Popper's paradoxical pursuit of natural philosophy

In J. Shearmur & G. Stokes (eds.), Cambridge Companion to Popper. Cambridge University Press (forthcoming)
Abstract
Philosophy of science is seen by most as a meta-discipline – one that takes science as its subject matter, and seeks to acquire knowledge and understanding about science without in any way affecting, or contributing to, science itself. Karl Popper’s approach is very different. His first love is natural philosophy or, as he would put it, cosmology. This intermingles cosmology and the rest of natural science with epistemology, methodology and metaphysics. Paradoxically, however, one of his best known contributions, his proposed solution to the problem of demarcation, helps to maintain the gulf that separates science from metaphysics, thus fragmenting cosmology into falsifiable science on the one hand, untestable philosophy on the other. This has damaging repercussions for a number of issues Popper tackles, from the problem of induction to simplicity of theory and quantum theory. But his proposed solution to the demarcation problem is untenable. Metaphysical assumptions are an integral part of scientific knowledge, inherent in the persistent acceptance of unified theories against the evidence. Once this is appreciated, it becomes obvious that natural philosophy, a synthesis of science and philosophy, is both more rigorous and of greater intellectual value than the two dissociated components we have today. What Popper sought for could come to full fruition. Problems that Popper tackled, from the problem of induction, to the problem of unity of theory, problems of quantum theory, and problems concerning the scope and limits of physics, all receive more adequate resolution within the new, fully-fledged natural philosophy.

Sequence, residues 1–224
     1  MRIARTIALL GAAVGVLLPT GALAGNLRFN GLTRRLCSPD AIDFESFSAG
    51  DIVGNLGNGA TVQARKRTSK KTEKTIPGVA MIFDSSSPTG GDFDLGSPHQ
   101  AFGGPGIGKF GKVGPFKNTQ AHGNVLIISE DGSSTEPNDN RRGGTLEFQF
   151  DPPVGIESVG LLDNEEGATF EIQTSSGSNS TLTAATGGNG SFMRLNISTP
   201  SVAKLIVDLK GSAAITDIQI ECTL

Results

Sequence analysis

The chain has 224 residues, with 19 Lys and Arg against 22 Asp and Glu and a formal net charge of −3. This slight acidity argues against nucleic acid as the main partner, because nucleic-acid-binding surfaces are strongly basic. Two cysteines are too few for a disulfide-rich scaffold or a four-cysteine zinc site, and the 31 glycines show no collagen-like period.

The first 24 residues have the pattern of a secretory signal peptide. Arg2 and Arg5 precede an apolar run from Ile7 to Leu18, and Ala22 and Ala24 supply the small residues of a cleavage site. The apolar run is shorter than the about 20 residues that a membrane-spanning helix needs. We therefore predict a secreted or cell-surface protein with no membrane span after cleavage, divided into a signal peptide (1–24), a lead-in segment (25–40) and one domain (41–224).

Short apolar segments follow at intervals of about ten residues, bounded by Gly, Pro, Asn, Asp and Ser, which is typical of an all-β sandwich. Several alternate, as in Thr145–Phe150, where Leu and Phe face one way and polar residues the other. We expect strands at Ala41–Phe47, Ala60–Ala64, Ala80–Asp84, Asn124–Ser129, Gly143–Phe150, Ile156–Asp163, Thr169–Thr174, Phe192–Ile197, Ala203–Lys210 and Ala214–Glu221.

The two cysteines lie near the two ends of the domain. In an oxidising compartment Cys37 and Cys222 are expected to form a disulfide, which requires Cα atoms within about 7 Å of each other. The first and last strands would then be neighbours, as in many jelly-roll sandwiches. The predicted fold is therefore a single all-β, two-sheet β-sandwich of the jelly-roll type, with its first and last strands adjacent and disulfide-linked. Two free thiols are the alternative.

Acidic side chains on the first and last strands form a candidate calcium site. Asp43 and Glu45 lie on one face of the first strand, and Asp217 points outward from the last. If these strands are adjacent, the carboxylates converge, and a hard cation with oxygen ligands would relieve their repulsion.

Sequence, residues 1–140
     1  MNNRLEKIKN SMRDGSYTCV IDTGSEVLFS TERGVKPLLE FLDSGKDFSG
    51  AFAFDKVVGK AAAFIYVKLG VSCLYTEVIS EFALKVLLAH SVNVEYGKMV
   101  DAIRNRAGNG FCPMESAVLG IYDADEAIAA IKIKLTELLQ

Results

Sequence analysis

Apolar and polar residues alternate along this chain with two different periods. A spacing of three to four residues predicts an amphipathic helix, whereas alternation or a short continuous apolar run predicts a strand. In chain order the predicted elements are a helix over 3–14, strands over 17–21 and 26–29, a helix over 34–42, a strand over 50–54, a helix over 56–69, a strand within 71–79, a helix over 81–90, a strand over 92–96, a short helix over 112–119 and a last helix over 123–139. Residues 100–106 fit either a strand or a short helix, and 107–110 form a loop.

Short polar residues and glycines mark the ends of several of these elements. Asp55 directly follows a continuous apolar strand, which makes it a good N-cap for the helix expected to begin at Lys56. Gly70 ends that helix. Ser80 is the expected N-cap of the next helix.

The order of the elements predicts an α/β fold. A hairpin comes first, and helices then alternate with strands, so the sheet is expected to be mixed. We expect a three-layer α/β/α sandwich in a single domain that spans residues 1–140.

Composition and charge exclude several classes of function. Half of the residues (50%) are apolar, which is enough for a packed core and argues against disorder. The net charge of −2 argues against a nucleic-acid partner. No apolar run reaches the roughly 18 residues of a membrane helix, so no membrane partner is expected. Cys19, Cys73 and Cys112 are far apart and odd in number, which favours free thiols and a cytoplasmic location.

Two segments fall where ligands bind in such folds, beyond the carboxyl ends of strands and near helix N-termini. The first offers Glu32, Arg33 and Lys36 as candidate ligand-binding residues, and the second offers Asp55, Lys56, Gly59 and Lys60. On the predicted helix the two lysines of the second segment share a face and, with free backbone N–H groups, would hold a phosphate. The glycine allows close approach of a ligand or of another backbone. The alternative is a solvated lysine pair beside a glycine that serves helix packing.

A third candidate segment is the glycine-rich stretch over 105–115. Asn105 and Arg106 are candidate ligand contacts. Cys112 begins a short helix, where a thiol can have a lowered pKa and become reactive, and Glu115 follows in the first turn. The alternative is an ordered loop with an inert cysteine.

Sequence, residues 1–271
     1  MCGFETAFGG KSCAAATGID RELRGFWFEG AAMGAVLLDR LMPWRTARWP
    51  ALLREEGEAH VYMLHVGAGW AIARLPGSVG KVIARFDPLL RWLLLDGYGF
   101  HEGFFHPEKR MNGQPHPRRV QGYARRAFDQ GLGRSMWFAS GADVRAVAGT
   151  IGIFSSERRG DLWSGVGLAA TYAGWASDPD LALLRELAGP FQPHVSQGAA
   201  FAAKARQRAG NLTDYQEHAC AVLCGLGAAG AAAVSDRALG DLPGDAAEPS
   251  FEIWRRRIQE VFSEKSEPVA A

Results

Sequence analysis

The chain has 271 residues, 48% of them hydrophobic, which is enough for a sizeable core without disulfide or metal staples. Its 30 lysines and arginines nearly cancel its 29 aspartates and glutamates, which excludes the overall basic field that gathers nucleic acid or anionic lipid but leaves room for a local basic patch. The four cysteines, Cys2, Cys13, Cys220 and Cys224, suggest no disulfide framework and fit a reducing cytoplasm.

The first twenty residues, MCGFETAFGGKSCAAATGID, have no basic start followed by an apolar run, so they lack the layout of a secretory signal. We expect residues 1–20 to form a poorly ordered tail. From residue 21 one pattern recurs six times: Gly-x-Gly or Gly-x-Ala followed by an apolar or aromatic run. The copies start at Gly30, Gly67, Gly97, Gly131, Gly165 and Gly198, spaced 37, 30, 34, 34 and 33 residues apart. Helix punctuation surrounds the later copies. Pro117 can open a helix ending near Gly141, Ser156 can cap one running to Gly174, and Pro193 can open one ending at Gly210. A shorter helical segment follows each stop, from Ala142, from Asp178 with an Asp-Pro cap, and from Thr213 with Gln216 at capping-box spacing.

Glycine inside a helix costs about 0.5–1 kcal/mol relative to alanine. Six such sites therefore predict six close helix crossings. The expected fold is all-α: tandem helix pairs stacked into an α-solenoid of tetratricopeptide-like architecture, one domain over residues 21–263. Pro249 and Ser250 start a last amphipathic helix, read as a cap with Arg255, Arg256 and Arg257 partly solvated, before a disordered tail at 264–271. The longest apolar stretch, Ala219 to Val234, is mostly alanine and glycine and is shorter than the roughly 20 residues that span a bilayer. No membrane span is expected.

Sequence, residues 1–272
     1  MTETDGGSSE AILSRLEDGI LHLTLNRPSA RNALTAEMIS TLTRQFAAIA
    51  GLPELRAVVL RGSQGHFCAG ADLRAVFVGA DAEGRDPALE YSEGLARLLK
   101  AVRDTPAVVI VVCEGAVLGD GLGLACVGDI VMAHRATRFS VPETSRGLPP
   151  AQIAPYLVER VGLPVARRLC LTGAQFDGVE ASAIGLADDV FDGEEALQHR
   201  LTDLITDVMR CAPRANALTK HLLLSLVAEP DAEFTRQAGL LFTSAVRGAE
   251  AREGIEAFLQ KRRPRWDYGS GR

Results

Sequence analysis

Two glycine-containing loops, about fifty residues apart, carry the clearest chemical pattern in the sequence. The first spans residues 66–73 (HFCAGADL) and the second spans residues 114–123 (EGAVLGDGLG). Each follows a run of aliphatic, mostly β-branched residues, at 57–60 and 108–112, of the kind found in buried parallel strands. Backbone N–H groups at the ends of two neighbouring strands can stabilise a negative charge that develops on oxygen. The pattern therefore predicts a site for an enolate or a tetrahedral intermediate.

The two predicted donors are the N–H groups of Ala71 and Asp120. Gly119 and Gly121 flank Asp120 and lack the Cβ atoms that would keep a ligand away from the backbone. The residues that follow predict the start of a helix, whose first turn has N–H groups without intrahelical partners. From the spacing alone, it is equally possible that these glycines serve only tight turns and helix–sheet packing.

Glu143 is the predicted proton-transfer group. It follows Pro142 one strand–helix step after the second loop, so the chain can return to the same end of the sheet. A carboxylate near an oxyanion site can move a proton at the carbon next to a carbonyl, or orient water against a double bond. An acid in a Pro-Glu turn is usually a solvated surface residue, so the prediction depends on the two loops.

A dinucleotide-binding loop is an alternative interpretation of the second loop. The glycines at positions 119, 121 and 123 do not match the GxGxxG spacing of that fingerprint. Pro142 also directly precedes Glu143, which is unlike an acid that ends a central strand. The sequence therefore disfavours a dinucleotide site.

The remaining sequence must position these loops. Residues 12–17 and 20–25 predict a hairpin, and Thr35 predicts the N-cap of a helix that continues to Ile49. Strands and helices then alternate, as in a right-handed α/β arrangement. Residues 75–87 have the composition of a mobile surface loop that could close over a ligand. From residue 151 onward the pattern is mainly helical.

Keywords Karl Popper  cosmology  natural philosophy  physics  metaphysics  scientific method  demarcation  induction  physicalism  simplicity
Categories (categorize this paper)
Options
 Save to my reading list
Follow the author(s)
My bibliography
Export citation
Find it on Scholar
Edit this record
Mark as duplicate
Revision history Request removal from index
 
Download options
PhilPapers Archive Nicholas Maxwell, Popper's paradoxical pursuit of natural philosophy
External links
Setup an account with your affiliations in order to access resources via your University's proxy server
Configure custom proxy (use this if your affiliation does not provide a proxy)
Through your library
References found in this work BETA

No references found.

Citations of this work BETA

No citations found.

Similar books and articles
Analytics

Monthly downloads

Added to index

2009-01-28

Total downloads

184 ( #3,861 of 1,102,060 )

Recent downloads (6 months)

11 ( #21,912 of 1,102,060 )

How can I increase my downloads?

My notes
Sign in to use this feature


Discussion
Start a new thread
Order:
There  are no threads in this forum
Nothing in this forum yet.